CDC’s New COVID-19 Guidance Undermines Its Own Commitment To Eradicating Racial Health Inequities

Pilar Whitaker, from the Lawyer's Committee For Civil Rights Under Law,
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Photos:YouTube\Lawyers's Committe

Pilar Whitaker, from the Lawyer's Committee For Civil Rights Under Law, says the CDC's new COVID-19 protocols endangers Black America.

The COVID-19 crisis is, among other obstacles, a racial justice issue. Black people have died of COVID-19 at almost twice the rate of their white counterparts. Persistent racial disparities in vaccination rates continue: less than a quarter of Black people are fully vaccinated even now.

Despite a public commitment to eradicating COVID-19 racial health inequities, the Centers for Disease Control and Prevention’s (CDC) latest recommendations will likely do just the opposite.

From new guidelines released in May 2021, the CDC announced that fully vaccinated people would no longer be required to wear masks in almost all public indoor spaces and has also indicated it would no longer be collecting data on COVID-19 breakthrough infections in vaccinated people, except in cases of hospitalization or death. The CDC’s new approach ignores the fact that the pandemic is not over. The pandemic is a reminder of the fatal cost of federal decisions that will fall disproportionately on communities of color.

The COVID-19 Vaccine Honor System Enables Dishonesty

Foundational to the CDC’s new approach is the efficacy of the COVID-19 vaccines. True, existing research shows that the vaccines are highly effective at preventing COVID-19 infection in those who are fully vaccinated. Concern lies more with non-vaccinated populations. Currently, less than half of Americans are fully vaccinated and vaccination efforts appear to be stalling.

Dr. Fauci admitted further that retailers won’t know who is actually vaccinated. Retailers and other business communities are going to depend people’s honesty, Fauci went on to say. Under this new system, wearing a mask is now simply an individual’s choice. Enacting a vaccine honor system at this stage in the vaccine rollout is not a plan, it is a disaster waiting to happen.

Racial Health Disparities Will Persist

Both essential and in-person workers of color will be most impacted by the new honor system, explained in a letter to the CDC by the National Lawyers’ Committee. Frontline and essential work correlates with increased risk of COVID-19 exposure and infection. One study found that at the height of the pandemic, essential workers in Philadelphia had a 55% higher chance of contracting COVID-19 than people who could work from home. Worse still, over half of all essential workers have underlying health conditions that put them at increased risk  from COVID-19.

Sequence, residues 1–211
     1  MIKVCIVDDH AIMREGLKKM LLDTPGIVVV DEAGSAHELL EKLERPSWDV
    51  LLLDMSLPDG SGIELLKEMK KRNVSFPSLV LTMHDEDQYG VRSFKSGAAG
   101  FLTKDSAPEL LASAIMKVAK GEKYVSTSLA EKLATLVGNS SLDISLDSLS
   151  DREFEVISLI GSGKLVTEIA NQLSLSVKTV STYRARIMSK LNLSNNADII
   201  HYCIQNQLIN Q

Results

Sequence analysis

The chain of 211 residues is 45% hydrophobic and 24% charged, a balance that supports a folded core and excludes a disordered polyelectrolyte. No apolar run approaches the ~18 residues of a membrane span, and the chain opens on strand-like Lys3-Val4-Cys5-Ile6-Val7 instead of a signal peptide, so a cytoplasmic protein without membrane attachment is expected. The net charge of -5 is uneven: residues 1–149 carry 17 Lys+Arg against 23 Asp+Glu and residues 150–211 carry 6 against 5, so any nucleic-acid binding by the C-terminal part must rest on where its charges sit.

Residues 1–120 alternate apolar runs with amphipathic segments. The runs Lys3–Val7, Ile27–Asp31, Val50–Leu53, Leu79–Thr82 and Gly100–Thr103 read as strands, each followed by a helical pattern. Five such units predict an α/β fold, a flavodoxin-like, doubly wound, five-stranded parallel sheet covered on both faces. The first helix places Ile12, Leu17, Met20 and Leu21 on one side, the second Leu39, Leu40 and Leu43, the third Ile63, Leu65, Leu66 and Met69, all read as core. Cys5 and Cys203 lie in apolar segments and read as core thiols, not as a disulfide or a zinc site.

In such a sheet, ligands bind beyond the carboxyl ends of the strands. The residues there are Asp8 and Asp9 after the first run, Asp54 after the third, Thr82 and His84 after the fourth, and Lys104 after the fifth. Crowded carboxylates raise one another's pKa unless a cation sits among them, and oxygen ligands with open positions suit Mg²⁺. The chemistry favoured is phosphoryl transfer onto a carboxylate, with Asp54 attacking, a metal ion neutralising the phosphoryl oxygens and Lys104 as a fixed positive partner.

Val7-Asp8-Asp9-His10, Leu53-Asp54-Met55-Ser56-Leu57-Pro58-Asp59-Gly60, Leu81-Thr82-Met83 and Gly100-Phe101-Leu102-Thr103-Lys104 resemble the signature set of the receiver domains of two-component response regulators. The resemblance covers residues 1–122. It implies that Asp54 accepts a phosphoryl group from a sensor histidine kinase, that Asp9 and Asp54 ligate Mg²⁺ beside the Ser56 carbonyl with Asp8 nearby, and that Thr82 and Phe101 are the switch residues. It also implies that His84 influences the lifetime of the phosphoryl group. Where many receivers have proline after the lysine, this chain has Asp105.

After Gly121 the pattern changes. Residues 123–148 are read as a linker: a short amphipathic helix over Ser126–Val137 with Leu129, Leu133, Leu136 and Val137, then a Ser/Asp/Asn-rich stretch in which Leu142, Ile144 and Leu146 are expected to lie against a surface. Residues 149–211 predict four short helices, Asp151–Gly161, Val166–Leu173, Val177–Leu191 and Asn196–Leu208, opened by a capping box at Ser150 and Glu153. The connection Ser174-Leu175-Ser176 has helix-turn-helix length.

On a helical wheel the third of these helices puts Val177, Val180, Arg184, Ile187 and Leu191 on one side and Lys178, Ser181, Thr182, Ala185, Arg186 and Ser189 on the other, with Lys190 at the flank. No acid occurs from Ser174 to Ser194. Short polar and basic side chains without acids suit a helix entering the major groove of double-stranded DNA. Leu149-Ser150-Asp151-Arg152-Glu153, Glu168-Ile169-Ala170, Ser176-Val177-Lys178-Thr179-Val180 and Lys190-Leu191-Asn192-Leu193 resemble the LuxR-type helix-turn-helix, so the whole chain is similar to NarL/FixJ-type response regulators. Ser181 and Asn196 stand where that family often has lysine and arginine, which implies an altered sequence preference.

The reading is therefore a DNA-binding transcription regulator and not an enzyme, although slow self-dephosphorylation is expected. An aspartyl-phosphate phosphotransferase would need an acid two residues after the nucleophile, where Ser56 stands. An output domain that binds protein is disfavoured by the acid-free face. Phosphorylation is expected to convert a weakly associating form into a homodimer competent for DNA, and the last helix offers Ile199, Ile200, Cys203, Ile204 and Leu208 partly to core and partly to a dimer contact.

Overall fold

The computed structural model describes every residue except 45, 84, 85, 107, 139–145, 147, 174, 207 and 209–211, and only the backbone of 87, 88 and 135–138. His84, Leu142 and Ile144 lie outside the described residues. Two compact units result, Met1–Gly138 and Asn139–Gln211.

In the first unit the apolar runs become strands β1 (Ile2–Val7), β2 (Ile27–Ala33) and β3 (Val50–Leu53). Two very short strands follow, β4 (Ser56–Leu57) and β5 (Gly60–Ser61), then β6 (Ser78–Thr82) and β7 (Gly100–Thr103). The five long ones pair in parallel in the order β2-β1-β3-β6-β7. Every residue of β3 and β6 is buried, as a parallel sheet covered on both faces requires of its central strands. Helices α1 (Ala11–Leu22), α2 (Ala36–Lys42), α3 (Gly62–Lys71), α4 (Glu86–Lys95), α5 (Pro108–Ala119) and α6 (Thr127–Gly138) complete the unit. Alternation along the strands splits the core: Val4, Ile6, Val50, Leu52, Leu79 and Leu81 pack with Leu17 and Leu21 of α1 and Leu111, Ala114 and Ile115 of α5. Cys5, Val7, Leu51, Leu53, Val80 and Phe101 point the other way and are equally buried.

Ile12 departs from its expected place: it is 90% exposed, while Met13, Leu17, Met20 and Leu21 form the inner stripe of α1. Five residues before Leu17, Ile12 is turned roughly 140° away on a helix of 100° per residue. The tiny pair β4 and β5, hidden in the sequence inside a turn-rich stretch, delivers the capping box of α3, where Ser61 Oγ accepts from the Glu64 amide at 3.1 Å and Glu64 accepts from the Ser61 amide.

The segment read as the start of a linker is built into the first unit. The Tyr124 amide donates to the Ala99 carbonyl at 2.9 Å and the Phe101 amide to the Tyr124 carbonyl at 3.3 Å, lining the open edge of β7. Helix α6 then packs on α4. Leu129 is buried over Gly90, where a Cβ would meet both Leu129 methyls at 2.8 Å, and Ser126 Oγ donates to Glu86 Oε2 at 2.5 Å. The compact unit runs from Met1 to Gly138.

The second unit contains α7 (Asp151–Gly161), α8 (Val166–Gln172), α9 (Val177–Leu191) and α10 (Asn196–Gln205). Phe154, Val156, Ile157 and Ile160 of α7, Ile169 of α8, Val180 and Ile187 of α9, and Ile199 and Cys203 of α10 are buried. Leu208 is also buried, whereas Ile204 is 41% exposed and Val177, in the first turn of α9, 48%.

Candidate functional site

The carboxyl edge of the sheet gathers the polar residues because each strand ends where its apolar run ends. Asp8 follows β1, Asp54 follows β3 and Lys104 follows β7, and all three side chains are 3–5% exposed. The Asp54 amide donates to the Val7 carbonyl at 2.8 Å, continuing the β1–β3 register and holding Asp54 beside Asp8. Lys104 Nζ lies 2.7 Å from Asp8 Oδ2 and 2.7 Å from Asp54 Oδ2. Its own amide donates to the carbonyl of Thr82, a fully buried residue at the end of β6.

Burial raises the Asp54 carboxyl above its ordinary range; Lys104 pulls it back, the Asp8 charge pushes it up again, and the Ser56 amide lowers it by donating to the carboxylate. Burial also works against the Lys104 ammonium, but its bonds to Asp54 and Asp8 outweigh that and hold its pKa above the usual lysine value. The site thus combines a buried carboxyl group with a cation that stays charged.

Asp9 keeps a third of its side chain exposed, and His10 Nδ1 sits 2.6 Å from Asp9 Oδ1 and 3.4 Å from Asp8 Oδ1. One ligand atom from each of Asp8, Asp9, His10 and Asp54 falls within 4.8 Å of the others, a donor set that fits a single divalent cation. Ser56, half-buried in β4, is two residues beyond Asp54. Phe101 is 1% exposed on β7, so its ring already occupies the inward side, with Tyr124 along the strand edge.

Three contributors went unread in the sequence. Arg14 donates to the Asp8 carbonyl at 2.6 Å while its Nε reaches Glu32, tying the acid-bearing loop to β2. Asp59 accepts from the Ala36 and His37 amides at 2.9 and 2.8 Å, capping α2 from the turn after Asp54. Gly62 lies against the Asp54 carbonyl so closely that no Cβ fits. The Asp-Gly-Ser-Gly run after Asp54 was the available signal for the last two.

Who are these essential and in-person workers? Disproportionately people of color.

Workers in the transit, health care, grocery, child care and social service industries, all of which are likely to be impacted by the new guidance, are disproportionately people of color. Black and Hispanic women are especially concentrated in low-income frontline jobs compared to men, and are overrepresented in public-facing jobs in the service industry, such as cashiers, retail workers, and fast-food workers.

The potential for the recent guidance to exacerbate racial health inequities is not merely hypothetical. The Washington Post reports that, as of May 2021, Black people made of 80% of new coronavirus cases in Washington D.C.—compared to just 46% late last year. According to the Post, the share of new infections spiked in mid-April, as the vaccines because more widely available. Meanwhile, the infection rate among White people dropped by 10%.

We Still Need COVID Health Data

Data, as President Biden has made abundantly clear, is crucial to addressing racial health disparities. Without accurate and secure data, the government is blind to the pandemic’s impact on the most vulnerable among us. The fact that the CDC will now only investigate or track COVID-19 infection for vaccinated people who are hospitalized or die is especially worrying.

It will now be virtually impossible for public health advocates to track breakthrough infections at all, as most are unlikely to lead to hospitalization or death. The public simply won’t know the true risk of COVID-19 infection after vaccination. This information could be critical for some low-income communities and communities of color, where many people are more likely to work in public facing jobs, live in multi-generational housing or overcrowded spaces , and have underlying conditions that may increase their COVID-19 risk.

With so much unknown, the CDC’s latest actions both endanger lives and limit its own ability to gather essential information.

Black and Brown people have lost too much over the past year. The CDC cannot sacrifice the health and safety of vulnerable communities for the sake of normalcy.

Written by Pilar Whitaker, associate counsel, Economic Justice Project and Monica Sharma, Cleary fellow also with the Economic Justice Project at the Lawyers’ Committee for Civil Rights Under Law.

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